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Comment Re:A funny story (Score 2) 172

Bernie got roughly 43 percent [realclearpolitics.com] of the popular vote.

That's only the primary count. If you include the caucus votes, he got about 49% of the popular vote.

Now, we know the DNC was in the bag for Hillary and pushing the media to cover her favorable. It's generally considered that good press is worth about 5% in the polls.

The Superdelegates were for Hillary, but we probably would have had a situation where Bernie got the popular majority but Hillary got the nomination, if the DNC had played neutral.

Comment Re:Rules for thee, not for me (Score 2) 211

In fact, Getty not only stole these, by falsely asserting ownership rights, it's as if they took the car from my analogy, and drove it for Uber.

No, because if it's a car, she is deprived of the use of that car while Getty is driving for Uber.

It's as if she had a Tesla with a magic 'clone' button, and Getty pressed the button and started driving the new clone for Uber. Except she had drawn a picture of a unicorn on her Tesla, so Getty's new Tesla is also decorated with a unicorn, and now she's throwing a hissy fit about it looking like hers, even though she still has her original Tesla.

It's hard to make an IP analogy that doesn't seem completely absurd. Funny 'bout that.

Comment Re:This is NOT a matter of trademark violation (Score 2) 244

Not necessarily. Take a look at the relevant portion of the Lantham Act. It would have to fit one of the provisions therein. It might make a false suggestion of affiliation, but it's arguable.

15 U.S.C. 1125 - False designations of origin, false descriptions, and dilution forbidden

(a) Civil action

(1) Any person who, on or in connection with any goods or services, or any container for goods, uses in commerce any word, term, name, symbol, or device, or any combination thereof, or any false designation of origin, false or misleading description of fact, or false or misleading representation of fact, which

(A) is likely to cause confusion, or to cause mistake, or to deceive as to the affiliation, connection, or association of such person with another person, or as to the origin, sponsorship, or approval of his or her goods, services, or commercial activities by another person, or

(B) in commercial advertising or promotion, misrepresents the nature, characteristics, qualities, or geographic origin of his or her or another person's goods, services, or commercial activities,

shall be liable in a civil action by any person who believes that he or she is or is likely to be damaged by such act.

Comment This is NOT a matter of trademark violation (Score 1) 244

You violate a trademark if you mis-represent a good or service as that of the trademark holder. And it has to be in the same trademark category that they registered. Having a trademark does not grant ownership of a word, and does not prevent anyone else from using that word. Use of a trademark in reporting and normal discussion is not a violation.

Comment Re: drone ship landings require a lot less fuel? (Score 1) 103

I have the front panel of the VAX 11/780 used to render that scene hanging on my wall, but I got to Pixar after that project. This year and last I've contributed some designs that will fly on a FEMA satellite, and a long time ago did a little work to support the Biosciences mission on the shuttle.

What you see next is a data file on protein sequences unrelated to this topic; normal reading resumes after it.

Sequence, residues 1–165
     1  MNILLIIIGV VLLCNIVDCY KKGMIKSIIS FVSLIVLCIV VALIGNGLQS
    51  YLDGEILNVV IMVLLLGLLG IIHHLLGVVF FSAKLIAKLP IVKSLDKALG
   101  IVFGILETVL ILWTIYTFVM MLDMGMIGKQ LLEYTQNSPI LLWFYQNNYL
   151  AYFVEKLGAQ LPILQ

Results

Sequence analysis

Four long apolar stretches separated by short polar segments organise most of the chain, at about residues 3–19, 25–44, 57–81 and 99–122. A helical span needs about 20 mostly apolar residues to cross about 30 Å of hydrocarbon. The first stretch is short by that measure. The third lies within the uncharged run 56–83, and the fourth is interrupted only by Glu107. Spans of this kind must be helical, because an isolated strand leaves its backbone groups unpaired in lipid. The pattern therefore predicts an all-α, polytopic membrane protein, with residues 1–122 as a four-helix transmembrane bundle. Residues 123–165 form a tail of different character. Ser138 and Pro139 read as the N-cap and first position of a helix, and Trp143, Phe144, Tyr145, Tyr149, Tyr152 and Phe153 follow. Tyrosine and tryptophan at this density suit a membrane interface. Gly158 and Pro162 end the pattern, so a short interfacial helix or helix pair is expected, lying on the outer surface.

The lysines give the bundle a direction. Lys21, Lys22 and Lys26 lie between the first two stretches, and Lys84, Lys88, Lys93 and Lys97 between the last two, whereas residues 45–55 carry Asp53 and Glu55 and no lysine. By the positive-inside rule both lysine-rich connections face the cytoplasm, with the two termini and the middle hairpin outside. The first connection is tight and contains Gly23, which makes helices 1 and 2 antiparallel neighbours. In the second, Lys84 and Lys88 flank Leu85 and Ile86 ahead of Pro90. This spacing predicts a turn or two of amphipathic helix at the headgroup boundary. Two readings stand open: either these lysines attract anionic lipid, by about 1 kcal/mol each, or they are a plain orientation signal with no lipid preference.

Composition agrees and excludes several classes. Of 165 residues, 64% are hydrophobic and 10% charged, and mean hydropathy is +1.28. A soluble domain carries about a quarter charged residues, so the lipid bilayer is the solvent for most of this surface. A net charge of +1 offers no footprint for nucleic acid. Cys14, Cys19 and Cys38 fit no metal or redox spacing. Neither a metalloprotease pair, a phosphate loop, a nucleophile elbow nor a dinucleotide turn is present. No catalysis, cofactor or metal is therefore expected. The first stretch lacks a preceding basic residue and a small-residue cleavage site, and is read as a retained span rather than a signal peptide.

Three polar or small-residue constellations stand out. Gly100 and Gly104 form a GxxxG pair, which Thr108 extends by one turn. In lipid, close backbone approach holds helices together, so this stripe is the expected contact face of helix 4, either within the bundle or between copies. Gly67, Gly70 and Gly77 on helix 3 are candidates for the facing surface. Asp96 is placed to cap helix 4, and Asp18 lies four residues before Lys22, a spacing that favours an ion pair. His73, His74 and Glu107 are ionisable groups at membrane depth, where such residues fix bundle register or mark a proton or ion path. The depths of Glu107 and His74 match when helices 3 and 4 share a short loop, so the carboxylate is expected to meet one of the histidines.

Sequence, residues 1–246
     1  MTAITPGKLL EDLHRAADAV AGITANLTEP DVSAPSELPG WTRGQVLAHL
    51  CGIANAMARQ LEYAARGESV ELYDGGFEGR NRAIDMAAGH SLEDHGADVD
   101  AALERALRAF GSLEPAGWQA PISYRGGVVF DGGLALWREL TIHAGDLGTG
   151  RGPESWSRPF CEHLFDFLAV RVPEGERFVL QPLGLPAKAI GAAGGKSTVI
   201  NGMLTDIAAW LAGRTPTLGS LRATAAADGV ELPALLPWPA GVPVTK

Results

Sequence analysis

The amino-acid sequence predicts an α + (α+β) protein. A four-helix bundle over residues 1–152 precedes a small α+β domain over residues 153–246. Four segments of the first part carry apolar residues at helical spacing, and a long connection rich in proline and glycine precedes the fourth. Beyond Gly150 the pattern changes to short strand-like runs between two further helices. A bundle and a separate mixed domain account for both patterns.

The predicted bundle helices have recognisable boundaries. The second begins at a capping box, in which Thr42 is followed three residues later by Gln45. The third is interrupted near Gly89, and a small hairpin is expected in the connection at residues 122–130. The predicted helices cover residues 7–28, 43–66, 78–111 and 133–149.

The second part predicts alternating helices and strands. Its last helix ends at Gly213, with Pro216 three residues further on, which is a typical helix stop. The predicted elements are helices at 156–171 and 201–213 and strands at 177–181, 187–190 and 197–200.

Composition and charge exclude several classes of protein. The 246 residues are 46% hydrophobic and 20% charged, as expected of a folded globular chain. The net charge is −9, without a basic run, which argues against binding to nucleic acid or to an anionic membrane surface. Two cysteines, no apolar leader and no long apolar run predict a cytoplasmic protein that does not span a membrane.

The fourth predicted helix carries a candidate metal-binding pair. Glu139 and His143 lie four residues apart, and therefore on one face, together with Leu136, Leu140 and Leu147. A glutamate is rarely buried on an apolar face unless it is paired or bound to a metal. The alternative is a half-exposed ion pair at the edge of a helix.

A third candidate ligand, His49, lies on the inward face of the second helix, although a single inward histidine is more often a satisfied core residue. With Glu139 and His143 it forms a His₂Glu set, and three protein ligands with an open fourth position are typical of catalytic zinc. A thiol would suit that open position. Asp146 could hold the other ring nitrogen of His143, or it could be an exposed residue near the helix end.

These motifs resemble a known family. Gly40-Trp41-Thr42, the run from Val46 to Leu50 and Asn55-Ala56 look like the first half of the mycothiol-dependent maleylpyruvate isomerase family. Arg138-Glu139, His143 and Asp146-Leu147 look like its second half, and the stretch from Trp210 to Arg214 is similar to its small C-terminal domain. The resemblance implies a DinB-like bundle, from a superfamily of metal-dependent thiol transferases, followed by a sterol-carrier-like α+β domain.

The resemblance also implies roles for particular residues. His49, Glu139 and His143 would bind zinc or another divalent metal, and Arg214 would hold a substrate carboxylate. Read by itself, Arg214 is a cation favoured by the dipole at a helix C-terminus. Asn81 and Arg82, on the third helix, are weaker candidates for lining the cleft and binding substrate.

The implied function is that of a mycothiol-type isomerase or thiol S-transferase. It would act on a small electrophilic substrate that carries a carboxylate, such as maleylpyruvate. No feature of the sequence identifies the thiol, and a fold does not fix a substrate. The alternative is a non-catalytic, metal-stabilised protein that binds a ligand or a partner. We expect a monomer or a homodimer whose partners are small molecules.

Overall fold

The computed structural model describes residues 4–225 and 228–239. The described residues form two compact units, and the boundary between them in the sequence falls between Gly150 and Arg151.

Comment Re: drone ship landings require a lot less fuel? (Score 1) 103

I don't need to stand by the rotation theory. However, the 2.5 degrees that the Earth rotates are about equivalent to the downrange distance.

The first stage is going about 1/5 of the target LEO orbital velocity at separation. While you might well model the trajectory as a parabola over flat ground, given the lack of fuel I would expect that SpaceX puts a lot more care into their trajectory. So far I've failed to attract the attention of the person responsible for Flight Club, the most trusted modeling of SpaceX flights, but I'll message him directly.

Comment Re: So funny (Score 1) 174

None of those problems were too big to handle for governments if they were allowed to work on it, and realistically they do work on it because they funded all the basic science that has made these things possible.

You actually don't know how small a percentage of basic science is done by government funding, do you?

Government sends Michelle Obama to tell all the kids, "let's get fit!".

The private markets create Pokemon Go and actually get all the kids outdoors. Profit is how a money-based system sends information signals to tell the innovators they are doing a good job. That's real regulation.

Comment Re: drone ship landings require a lot less fuel? (Score 1) 103

Well, Alastair, you should probably not get snotty and ad-hominem, unless you want me to comment on how a one-time sci-fi author and the Unix guy at Dish doesn't really have more authority than the random person one might find in the SpaceX group on Reddit.

It happens there are a few people over there who are rocketry professionals, have the math, and have followed SpaceX long enough. So, sure, their opinion can indeed be trusted.

So far, we have a suggestion from one of the lesser folks there that raising the apogee takes advantage of the Earth's rotation. We'll see if we get the attention of the right people.

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